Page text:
Anyone looking for widespread relief from extra airline fees for such items as checked bags or choice seats had better not expect it to happen anytime soon.
Those little extra charges will be the key to the future profitability of the airline industry, and they're here to stay, according to executives of US Airways.
Speaking to media reporters at the airline's Tempe headquarters Tuesday, President Scott Kirby said carriers are likely to keep the extra service charges even as the slow economy reduces demand for air travel. That's because the major airlines that do impose those added fees aren't losing customers to the smaller ones that don't, he said.
"We have not seen that movement," he said. "Customers care more about other things like schedule and on-time performance."
He said the ancillary charges, which he called a la carte pricing, could bring an additional $400 million to $500 million in revenue to the local airline this year.
US Airways charges extra if passengers want checked luggage, meals, choice aisle and window seats and pillow and blanket kits. Many of those fees were started last year to help the company cope with soaring fuel costs.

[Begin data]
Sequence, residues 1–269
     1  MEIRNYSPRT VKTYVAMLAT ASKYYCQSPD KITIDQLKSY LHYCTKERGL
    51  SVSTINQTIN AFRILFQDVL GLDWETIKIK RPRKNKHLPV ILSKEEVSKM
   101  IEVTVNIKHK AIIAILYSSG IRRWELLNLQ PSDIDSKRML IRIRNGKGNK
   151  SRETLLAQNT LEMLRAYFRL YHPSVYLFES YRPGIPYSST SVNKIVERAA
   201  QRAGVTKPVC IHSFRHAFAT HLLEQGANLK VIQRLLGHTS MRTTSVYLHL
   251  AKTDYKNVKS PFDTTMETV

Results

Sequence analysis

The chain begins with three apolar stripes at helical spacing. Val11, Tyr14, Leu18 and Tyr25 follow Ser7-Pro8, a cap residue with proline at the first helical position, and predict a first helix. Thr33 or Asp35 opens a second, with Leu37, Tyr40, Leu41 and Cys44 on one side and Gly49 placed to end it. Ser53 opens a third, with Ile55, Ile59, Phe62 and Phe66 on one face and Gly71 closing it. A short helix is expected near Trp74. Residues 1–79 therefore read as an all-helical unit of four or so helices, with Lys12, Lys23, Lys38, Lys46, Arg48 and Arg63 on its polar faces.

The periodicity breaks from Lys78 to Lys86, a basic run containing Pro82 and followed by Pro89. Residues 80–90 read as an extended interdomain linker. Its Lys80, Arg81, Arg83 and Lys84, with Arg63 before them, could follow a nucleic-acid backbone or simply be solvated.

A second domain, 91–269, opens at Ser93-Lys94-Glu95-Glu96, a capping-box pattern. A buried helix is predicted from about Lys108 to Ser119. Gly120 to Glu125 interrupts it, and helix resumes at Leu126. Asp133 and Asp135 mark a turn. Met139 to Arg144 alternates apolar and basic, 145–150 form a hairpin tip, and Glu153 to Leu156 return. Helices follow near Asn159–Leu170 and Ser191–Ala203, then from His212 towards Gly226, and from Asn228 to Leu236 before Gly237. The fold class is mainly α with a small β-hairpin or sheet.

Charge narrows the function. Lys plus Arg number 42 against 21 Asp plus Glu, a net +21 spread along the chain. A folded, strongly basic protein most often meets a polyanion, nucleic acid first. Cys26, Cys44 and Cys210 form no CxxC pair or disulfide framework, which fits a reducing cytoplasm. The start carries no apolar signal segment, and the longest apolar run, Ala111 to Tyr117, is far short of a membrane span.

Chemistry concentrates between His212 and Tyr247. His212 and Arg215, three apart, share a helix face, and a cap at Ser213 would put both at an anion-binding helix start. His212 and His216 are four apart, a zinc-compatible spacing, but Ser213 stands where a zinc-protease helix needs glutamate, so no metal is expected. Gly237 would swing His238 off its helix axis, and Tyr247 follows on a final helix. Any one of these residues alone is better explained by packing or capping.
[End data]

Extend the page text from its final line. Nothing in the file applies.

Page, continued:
US Airways was forced last month by competitive pressures to give up charging for in-flight sodas, but Kirby said that was an exception. US Airways was the last of the major carriers to charge for beverages and had to conform with the majority, he said.
But so far most of the major carriers continue to charge extra for checked bags and other services, and they probably would not be able to gain enough market share by dropping those charges to offset the loss of revenue, he said.
Chief Executive Doug Parker said the company's checked-bag fees - $15 for the first bag and $25 for the second - are even helping the airline improve its operating performance. Passengers are responding by reducing checked baggage by about 20 percent, and the lighter workload has helped the carrier reduce its rate of mishandled bags, he said.
Bolstered by such revenue enhancements, Parker believes that the airline industry will be one of the few sectors to perform better financially in 2009 than last year.
"The oil run-up forced us to make aggressive changes before the real recession hit," he said. "With oil prices falling, we have a real chance to be profitable in 2009."
Still, he said the airline industry needs to do more to reach profitability levels of other businesses. He said that will require more airline mergers, better engagement with labor unions and restraint by government regulators.